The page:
A Moving Tribute

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A visit to the Vietnam Veterans memorial wall in Washington, DC, is an emotional experience. Its polished black surface, engraved with over 58,286 names, is a solemn reminder of the war that divided a nation and defined a generation.

It’s also a stirring tribute to those who died: column after column of lives lost or soldiers missing in action, in chronological order.

Not everyone can make the trek to Washington to experience the wall — but this fall, that experience will be coming to Johnny Appleseed Country.  From November 3 through 6, the Moving Wall — a half-size replica of the Vietnam memorial — will be set up in Leominster’s Carter Park.


The “Wall That Heals,” says Robert Grudziecki, commander of Veterans of Foreign Wars Post 1807 in Leominster and Vietnam War Veteran, is “meant not for fanfare or as a public display for crowds, but rather to bring very personal healing to a raw and open wound” that organizers say is still gaping for many.

“Often, those veterans still looking to heal will walk the path alongside the memorial in times of quiet moments, sometimes by themselves or with a friend, even at night or during the early morning hours when they know they can be alone in the memory of those with whom they once shared the burden of war. Their emotions are personal and private — and it is for them that the wall is kept open around the clock during its stay.”

Joe Firmani, who was instrumental in bringing The Wall to Leominster, notes that Carter Park on Route 12 is both a serene location and a visible one; volunteers will stand watch 24 hours a day, as visitors stop by to look for a name or spend time in reflection.

vietnam-wallSince the idea for the Moving Wall was launched in 1984, two replicas of the monument have traveled to communities across the country, in cities and towns stretching from Tyler, Texas to Ft. Lauderdale, Florida; Grand Isle, Nebraska; and Queens, New York.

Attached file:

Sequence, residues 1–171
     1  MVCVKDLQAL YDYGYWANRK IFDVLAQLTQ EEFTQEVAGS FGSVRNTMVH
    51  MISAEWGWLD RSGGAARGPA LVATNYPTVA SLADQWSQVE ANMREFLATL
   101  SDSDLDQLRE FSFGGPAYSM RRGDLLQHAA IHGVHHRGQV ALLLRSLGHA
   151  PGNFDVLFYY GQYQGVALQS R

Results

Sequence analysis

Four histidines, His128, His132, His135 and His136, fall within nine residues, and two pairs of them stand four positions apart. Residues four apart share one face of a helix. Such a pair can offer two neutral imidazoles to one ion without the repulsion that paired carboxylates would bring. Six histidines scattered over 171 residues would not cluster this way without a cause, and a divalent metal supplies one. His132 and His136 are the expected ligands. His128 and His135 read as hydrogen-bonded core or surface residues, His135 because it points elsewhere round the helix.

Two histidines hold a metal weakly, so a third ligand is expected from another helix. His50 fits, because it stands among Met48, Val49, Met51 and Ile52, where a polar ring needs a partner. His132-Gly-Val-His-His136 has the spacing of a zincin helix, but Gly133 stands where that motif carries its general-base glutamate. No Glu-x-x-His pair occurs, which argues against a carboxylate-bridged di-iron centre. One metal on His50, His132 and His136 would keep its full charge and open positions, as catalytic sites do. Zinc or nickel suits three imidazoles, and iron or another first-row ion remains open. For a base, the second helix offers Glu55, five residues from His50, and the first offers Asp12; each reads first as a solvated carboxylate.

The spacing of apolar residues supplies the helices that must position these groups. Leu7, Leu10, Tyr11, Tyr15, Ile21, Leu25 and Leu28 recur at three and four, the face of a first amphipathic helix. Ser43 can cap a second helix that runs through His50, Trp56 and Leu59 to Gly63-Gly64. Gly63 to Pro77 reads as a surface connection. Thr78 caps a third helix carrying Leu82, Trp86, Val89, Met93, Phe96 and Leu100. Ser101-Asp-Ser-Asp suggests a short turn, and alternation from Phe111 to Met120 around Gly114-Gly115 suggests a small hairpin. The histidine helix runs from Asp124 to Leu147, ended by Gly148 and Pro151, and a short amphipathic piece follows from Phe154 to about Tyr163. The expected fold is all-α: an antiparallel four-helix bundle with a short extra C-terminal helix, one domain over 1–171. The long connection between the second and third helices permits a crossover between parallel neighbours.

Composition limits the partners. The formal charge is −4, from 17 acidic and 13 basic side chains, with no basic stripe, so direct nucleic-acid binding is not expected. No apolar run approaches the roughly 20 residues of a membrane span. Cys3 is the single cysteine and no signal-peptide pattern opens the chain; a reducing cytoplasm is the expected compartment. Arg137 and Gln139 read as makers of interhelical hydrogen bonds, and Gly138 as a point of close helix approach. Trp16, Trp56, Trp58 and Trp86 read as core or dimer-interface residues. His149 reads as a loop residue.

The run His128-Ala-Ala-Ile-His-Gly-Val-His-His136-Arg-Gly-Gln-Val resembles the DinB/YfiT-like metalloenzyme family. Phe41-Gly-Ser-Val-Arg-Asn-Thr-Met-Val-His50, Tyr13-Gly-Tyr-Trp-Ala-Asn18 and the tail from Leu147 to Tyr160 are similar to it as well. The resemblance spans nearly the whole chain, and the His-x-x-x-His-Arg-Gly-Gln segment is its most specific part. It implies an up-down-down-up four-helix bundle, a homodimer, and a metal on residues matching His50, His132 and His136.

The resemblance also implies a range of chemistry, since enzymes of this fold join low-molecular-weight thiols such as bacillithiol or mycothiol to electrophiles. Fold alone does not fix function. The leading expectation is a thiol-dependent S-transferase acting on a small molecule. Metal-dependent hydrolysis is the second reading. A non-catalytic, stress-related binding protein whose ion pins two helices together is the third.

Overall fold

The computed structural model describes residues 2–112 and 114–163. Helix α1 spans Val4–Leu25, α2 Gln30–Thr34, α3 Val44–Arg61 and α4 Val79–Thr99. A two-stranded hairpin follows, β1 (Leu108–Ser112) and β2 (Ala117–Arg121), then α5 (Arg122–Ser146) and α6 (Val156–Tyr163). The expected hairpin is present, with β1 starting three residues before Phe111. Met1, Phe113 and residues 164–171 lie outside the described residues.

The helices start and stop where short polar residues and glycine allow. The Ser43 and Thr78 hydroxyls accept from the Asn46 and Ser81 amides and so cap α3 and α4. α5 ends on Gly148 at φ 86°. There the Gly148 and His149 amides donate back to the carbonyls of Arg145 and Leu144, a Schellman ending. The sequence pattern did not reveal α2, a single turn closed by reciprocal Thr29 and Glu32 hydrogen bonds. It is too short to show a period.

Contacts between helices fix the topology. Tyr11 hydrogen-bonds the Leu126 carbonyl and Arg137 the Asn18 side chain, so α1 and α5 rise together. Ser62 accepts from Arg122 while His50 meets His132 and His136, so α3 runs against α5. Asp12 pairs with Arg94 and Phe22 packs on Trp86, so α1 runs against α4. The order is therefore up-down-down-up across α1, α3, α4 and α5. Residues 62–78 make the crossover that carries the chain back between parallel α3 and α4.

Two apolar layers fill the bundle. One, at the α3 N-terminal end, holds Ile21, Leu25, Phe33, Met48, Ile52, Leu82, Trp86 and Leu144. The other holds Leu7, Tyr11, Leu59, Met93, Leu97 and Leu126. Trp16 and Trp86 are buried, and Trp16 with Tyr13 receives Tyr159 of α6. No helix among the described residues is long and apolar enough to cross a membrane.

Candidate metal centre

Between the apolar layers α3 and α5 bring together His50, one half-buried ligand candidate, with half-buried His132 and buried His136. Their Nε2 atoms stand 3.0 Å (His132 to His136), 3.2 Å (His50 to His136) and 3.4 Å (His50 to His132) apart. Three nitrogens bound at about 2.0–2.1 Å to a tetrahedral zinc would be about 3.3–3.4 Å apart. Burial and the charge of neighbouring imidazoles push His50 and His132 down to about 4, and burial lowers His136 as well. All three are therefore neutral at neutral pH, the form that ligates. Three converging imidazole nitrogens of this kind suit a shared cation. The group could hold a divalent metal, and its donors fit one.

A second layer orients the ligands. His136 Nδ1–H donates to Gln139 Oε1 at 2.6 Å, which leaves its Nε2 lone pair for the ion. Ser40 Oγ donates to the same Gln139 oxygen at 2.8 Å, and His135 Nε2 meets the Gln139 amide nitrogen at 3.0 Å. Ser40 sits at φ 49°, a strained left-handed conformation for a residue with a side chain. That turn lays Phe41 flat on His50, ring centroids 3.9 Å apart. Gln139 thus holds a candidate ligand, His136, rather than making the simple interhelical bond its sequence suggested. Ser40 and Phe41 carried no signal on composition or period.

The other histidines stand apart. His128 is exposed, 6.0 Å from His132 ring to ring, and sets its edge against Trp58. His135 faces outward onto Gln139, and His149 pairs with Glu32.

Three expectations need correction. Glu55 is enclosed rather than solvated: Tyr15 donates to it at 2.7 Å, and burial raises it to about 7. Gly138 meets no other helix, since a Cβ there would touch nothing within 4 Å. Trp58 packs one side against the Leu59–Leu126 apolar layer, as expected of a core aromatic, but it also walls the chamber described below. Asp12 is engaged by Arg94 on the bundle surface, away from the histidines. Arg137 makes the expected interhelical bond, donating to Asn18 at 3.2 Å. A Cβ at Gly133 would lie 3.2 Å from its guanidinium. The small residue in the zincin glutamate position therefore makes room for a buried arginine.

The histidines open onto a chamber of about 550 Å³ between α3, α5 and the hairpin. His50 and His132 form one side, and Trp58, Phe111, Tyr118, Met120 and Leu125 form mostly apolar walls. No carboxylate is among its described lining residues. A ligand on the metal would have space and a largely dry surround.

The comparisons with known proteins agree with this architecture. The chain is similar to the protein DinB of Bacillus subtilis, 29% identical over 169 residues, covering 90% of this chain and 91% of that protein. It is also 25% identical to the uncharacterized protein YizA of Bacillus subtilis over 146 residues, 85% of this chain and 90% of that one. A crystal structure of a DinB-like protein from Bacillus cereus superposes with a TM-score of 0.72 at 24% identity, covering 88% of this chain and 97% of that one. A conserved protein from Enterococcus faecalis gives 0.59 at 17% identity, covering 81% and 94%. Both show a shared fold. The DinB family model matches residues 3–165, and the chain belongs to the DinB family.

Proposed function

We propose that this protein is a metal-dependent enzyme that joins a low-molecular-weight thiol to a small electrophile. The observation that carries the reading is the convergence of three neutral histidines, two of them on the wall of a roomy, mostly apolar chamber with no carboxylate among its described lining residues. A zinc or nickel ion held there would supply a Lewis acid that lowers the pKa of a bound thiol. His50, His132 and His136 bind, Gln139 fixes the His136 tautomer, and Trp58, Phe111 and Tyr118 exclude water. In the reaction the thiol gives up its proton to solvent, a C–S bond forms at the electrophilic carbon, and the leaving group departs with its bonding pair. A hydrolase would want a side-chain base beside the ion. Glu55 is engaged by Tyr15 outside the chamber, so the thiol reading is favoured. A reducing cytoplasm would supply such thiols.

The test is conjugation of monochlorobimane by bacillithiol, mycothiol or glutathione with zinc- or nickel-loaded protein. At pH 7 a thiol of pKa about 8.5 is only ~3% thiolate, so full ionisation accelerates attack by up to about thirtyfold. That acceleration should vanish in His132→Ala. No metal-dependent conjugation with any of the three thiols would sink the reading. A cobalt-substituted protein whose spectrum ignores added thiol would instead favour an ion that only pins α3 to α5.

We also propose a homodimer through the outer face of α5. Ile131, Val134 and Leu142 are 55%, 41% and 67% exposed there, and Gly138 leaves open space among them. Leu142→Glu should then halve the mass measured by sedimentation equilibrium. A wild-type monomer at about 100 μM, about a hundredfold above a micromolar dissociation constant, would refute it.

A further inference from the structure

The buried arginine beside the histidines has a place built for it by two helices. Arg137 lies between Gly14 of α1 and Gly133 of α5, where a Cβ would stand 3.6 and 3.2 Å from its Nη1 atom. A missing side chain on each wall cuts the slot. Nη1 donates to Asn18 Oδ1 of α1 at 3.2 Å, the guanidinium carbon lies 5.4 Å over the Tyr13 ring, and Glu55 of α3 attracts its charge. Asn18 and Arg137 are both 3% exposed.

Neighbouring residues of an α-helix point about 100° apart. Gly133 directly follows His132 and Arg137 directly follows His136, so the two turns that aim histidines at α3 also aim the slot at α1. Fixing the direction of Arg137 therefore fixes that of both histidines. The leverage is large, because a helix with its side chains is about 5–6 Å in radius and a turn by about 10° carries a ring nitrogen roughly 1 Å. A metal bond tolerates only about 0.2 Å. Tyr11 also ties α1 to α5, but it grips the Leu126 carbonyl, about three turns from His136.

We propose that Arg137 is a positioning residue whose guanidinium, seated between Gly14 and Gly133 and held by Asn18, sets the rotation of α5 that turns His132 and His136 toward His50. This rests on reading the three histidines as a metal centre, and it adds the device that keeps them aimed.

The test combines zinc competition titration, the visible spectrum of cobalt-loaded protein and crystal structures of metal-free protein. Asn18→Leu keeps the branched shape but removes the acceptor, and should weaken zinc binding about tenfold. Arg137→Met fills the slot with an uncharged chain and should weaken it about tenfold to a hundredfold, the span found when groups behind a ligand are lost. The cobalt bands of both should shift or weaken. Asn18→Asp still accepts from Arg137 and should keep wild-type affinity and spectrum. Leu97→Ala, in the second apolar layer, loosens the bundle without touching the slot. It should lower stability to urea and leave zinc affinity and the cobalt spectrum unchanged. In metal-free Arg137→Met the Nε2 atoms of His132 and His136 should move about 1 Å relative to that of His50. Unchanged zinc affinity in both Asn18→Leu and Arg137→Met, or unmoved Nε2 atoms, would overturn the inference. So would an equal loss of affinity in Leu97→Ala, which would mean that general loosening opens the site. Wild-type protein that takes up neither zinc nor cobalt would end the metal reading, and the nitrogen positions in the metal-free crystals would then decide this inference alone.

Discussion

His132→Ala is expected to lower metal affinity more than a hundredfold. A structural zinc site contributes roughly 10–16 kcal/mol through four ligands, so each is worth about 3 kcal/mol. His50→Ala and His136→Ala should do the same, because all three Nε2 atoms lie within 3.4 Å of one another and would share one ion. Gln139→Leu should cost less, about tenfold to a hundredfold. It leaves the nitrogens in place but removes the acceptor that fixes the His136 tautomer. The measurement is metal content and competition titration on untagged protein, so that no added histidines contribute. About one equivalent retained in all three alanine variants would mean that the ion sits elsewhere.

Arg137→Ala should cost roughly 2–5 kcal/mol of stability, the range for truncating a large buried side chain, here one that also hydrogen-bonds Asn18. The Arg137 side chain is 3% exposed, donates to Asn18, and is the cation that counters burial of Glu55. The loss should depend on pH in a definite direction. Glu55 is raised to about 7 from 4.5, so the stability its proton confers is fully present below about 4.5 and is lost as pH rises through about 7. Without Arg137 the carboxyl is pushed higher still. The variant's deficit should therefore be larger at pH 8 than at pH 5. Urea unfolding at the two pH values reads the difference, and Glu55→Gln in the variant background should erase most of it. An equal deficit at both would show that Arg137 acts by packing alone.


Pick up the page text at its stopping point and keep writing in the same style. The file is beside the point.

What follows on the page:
Of the more than three million in the country who served during the Vietnam War, 58,000 lost their lives, and only 850,000 remain who can still be accounted for. The city of Leominster itself saw 1,200 service members go to Vietnam between the years 1962 and 1975. The nine of these who gave their lives in that service are now memorialized on the wall.

Special Events

Arriving with a large motorcycle escort, The Wall will be erected on November 2, and an opening ceremony with the Leominster Vietnam Veterans of America’s Chapter 11 is planned for 9 am on November 3. It will remain open for visits through the weekend. Special events planned during that stay include a flyover by the Massachusetts National Guard, a POW/MIA ceremony, the lighting of luminaries and a performances by the South Lancaster Academy Choir.

The ceremonies, Grudziecki  says, will “center on respectfully remembering the 58,286 men and women who gave their life in service to their country during the Vietnam War. As part of the program, the Leominster veterans who were killed in action (KIA) in Vietnam will be remembered individually. These warriors will have their name and short biography read.  Each will receive his own honor.”

As events are finalized, details will be available online: http://act.vvmf.org/page/s/the-wall-that-heals—leominster-ma, and at their facebook link: https://www.facebook.com/VietnamMovingWallleominster1116/.